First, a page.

The mayor of the Greek island of Angistri has agreed to a trial of the digital currency Nautiluscoin as a way to attract tourists.

Brian Kelly, the founder of Nautiluscoin, published an article on CNBC on July 8 announcing the news that mayor Ioannis Athanasiou had given his support to the plan.

Angistri is a 13.3 square kilometer island near the Greek port of Piraeus, and a population of 1,142 inhabitants. 

To explain the difference between Nautiluscoin and other digital currencies such as Bitcoin, Kelly described how a central 'Nautiluscoin Stability Fund' plans to keep the majority of the coins itself, only selling them when demand has risen:

“[T]he Nautiluscoin Stability Fund will initially retain a majority ownership stake in Nautiluscoin. As the monetary ecosystem grows, these coins will be sold to meet demand. The goal of this program will be to provide a countercyclical monetary policy that will foster an environment that allows for steady growth in purchasing power.”

Brian Kelly, the founder of Nautiluscoin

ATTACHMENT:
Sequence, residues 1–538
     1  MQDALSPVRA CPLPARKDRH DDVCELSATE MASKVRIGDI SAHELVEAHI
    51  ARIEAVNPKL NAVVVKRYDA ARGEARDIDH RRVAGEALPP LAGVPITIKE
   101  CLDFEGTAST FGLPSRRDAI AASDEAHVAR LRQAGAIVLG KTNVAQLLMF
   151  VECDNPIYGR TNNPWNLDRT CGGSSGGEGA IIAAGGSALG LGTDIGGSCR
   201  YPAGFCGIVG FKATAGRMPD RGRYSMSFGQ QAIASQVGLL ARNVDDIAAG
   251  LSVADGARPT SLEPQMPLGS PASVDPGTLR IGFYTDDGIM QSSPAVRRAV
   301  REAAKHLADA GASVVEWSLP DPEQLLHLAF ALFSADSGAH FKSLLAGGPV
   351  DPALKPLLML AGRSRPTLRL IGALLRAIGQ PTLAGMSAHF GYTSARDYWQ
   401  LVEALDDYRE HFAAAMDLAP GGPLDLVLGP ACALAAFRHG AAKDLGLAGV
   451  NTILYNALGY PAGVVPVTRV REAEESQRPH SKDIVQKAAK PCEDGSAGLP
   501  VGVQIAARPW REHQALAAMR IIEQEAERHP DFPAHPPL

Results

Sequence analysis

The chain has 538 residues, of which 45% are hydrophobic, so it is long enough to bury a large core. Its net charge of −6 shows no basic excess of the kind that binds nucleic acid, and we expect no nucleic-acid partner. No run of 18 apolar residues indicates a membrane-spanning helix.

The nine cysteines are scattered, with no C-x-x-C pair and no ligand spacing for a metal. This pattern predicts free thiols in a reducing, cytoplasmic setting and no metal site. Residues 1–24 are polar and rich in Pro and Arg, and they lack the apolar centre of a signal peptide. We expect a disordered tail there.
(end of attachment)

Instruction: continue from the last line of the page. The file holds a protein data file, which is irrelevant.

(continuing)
The cryptocurrency is attempting to tap into fears among tourists visiting Greece that the emptying of ATMs and suspension of most international banking services could leave them without spending cash during their holidays.

Bitcoin has been repeatedly discussed as a solution to this problem and also as a possible option for Greeks looking to for a store of value. Nautiluscoin, however, is hoping to one-up the popular digital currency with an additional promise that the decentralized coins will be backed by a centralized supply of gold.

“Using gold to back Nautiluscoin should give both tourists and merchants assurance that a digital currency is more than just lines of computer code, while utilizing the stability fund to create a countercyclical monetary policy will provide flexibility that gold lacks.”

Planning to work with UK based Coinstructors to carry out the anti-money laundering regulations compliance known as “Know Your Customer” (KYC) via a third service called Drachmae.Money, the Nautiluscoin project aims to make it easy for tourists to purchase the tokens.

Greek residents, however, will still face the problem that tight monetary controls imposed by the government will prevent them purchasing Nautiluscoin just as they currently struggle to buy bitcoins.

Greek island of Angistri